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Bengals’ Henry dies day after dispute

Bengals receiver Chris Henry, whose troubled life off the field led to five suspensions during his NFL career, had by all accounts begun to turn his life around.

But early yesterday morning he died of injuries that appeared to have resulted from a domestic dispute after he was thrown from the back of a pickup truck that was being driven by his fiancee, Loleini Tonga, of Charlotte, N.C. Henry was 26.

Charlotte-Mecklenburg police said Henry died at 6:36 a.m. yesterday.

“He was doing everything right,” Bengals receiver Chad Ochocinco said. “My grandma always says you never question the man upstairs on decisions he makes. Everyone makes mistakes, but I don’t see how Chris was supposed to go already, especially when he was on the right path.”

Henry had been on injured reserve since suffering a broken forearm during a win against the Ravens on Nov. 8.

“We are greatly saddened by today’s tragic news about the loss of Chris Henry,” NFL commissioner Roger Goodell said. “Our thoughts and prayers go out to Chris’ family, including his Bengals family . . . I ask you to keep Chris Henry and his family in your thoughts today.”

Bengals quarterback Carson Palmer asked that the team dedicate the season to him and the wife of Bengals defensive coordinator Mike Zimmer, who died unexpectedly earlier this season.

Henry was rushed to the hospital Wednesday after being found on a residential road in Charlotte. A 911 call to police indicated that Henry had been in the bed of the pickup truck and was banging on the rear windshield.

Henry was engaged to Tonga, and the couple had been raising three children. Tonga had posted an entry on her MySpace page on Tuesday and talked about buying wedding rings.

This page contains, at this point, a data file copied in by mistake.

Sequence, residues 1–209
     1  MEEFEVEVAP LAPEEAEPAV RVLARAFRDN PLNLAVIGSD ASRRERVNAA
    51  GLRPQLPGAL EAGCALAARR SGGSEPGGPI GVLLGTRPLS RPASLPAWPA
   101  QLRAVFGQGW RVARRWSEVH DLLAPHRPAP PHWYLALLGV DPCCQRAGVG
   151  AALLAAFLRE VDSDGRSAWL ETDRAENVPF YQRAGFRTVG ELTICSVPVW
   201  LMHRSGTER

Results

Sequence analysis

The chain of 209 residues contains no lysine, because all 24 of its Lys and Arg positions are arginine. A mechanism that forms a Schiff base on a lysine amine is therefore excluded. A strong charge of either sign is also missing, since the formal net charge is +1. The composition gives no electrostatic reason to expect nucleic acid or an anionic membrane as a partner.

Police spokeswoman Rosalyn Harrington said homicide detectives have been assigned to the case but did not elaborate.

“We knew him in a different way than his public persona,” Bengals owner Mike Brown said. “He had worked through the troubles in his life and had finally seemingly reached the point where everything was going to blossom. And he was going to have the future we all wanted for him. It’s painful to us. We feel it in our hearts, and we will miss him.”

Henry joined the Bengals in 2005 and helped the team to the playoffs that year. But in the final month of the season, he was arrested for marijuana possession. After a playoff loss to the Steelers, he was arrested on a gun charge in Florida.

Henry was suspended by Goodell for the first eight games of the 2007 season as a result of his multiple violations of the NFL’s personal conduct policy.

The Bengals released him in 2008, but decided to give him another chance and re-signed him.

Henry vowed before the 2009 season to turn his life around.

“He’s a great kid with a great heart,” Palmer said when training camp started. “He’s changed his life around. He ran into some trouble, made some bad decisions, and realized that. He's sorry for them, apologized for them, and has done everything he can to make himself a better person. I'm just proud of him.”
With AP

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